U.S. heartened as Afghan troops complete operation on their own
CAMP THUNDER, Afghanistan — Gen. Mohammad Sharif Yaftali, commander of Afghanistan's 203rd Thunder Corps, looked happy as he sat down for lunch in his eastern command post near the border with Pakistan.
His troops, he said, had just successfully completed a large-scale operation — code-named Azadi, or “freedom” — aimed at securing strategic highways leading out of Kabul and clearing a region around the capital. Along the way, his officers sat down with tribal elders to win support for the military and set up local police forces to defend their villages from the Taliban. It was all done without international troops.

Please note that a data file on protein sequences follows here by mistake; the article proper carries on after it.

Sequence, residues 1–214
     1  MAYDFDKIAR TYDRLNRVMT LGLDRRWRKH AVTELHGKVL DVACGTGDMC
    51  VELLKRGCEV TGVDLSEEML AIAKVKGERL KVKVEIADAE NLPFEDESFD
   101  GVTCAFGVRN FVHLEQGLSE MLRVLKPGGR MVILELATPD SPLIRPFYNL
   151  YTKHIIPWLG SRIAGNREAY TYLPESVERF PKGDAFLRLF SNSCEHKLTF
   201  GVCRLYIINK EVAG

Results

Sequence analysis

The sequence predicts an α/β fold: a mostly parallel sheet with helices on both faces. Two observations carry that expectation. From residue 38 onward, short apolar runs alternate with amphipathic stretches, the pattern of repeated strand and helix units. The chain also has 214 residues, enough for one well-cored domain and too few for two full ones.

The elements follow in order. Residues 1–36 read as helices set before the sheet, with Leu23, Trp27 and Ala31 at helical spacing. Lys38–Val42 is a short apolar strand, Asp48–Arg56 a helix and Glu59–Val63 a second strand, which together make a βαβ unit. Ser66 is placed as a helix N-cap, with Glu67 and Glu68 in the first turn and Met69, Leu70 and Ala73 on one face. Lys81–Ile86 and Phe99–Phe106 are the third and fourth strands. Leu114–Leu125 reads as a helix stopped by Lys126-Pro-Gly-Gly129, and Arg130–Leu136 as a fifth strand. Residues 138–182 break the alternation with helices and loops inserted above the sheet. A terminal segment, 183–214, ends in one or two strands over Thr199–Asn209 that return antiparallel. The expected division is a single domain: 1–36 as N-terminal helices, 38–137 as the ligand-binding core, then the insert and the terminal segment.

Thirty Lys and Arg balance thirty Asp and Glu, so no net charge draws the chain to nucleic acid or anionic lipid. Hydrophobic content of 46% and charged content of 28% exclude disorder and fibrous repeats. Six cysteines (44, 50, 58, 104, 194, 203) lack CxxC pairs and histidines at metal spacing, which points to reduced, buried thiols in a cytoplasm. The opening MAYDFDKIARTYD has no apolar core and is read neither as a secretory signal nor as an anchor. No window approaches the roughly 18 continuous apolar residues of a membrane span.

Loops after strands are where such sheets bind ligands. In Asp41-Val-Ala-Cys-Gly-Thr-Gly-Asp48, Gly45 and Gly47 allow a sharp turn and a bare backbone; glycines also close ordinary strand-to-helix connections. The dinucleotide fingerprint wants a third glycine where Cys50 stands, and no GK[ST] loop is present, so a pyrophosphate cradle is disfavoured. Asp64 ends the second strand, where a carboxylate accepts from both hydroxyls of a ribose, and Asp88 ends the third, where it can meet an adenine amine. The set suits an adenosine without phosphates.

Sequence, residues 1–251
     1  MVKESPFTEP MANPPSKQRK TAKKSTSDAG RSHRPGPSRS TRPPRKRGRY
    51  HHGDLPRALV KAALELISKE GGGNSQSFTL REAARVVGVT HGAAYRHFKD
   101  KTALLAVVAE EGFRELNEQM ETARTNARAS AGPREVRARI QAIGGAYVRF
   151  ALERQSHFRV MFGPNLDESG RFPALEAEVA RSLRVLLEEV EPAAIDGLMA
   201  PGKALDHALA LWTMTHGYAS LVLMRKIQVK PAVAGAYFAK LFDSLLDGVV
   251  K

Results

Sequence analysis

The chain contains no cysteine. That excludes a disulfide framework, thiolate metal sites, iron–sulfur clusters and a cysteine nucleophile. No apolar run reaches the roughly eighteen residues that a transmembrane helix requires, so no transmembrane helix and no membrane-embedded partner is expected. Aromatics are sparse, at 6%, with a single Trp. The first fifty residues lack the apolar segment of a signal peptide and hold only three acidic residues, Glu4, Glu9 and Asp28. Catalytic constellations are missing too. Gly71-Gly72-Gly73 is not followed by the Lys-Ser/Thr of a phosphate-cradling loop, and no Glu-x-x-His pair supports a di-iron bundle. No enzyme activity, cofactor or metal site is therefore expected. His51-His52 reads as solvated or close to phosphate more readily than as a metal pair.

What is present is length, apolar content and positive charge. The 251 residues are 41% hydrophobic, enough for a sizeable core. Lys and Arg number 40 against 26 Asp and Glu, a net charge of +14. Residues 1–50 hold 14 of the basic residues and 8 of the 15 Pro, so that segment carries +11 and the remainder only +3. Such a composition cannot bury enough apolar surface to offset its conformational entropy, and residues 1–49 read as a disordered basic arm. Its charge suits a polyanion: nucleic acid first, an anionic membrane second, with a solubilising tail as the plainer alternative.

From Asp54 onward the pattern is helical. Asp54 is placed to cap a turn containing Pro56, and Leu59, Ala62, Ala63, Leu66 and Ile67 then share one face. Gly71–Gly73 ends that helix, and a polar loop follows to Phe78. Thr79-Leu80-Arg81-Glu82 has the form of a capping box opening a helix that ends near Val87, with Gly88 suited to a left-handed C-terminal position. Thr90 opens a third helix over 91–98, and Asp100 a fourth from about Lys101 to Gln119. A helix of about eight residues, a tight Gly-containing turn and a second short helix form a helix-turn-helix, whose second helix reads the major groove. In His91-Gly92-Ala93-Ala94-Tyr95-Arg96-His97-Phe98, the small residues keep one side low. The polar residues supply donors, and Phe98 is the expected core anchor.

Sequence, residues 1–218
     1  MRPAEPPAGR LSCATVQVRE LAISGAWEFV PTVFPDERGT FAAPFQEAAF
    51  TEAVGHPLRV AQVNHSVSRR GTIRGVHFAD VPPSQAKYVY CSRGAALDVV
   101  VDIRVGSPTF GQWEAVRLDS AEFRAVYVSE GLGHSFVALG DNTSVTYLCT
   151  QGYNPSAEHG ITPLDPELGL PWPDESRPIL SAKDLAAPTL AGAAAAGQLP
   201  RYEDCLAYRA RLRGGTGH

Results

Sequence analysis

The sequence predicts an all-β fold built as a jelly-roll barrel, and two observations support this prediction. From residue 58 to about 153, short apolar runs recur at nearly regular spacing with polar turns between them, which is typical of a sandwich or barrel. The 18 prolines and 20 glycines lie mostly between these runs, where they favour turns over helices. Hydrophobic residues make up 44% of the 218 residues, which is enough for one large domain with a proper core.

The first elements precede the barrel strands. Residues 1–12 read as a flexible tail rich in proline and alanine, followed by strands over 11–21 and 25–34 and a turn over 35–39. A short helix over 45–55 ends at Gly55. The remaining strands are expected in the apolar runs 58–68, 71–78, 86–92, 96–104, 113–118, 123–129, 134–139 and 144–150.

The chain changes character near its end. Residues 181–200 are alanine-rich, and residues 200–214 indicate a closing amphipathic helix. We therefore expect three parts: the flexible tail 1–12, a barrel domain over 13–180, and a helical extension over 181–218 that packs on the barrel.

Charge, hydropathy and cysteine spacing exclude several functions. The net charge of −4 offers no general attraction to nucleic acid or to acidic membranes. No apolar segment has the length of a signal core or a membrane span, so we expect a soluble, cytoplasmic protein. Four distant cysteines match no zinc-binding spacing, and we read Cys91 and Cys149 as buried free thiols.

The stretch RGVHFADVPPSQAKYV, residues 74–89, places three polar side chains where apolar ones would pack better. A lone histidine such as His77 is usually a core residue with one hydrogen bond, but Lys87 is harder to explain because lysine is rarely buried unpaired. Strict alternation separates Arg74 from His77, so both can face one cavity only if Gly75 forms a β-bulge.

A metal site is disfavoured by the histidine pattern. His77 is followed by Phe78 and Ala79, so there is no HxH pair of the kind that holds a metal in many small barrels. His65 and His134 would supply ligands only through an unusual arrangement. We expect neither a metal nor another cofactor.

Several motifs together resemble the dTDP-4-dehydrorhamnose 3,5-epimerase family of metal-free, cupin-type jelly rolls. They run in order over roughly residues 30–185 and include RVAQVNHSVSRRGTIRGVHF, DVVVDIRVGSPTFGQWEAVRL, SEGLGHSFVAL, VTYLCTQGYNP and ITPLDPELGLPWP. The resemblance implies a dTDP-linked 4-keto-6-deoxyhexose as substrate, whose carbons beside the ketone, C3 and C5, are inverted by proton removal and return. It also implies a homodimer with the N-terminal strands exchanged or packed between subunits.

“We did the planning and everything ourselves,” Yaftali said, beaming. “The coalition was there, but they did not fight with us. ”
There have been deep questions about the ability of the Afghan army to take the fight to the insurgency with international combat troops scheduled to leave the country by the end of 2014.
The 203rd's success may be a sign that Afghans may be able to hold their own.
U.S. and coalition military officials say that overall, the nascent force is surpassing many of their expectations. They say it is far better prepared to fight alone than many people think and should be able to take over.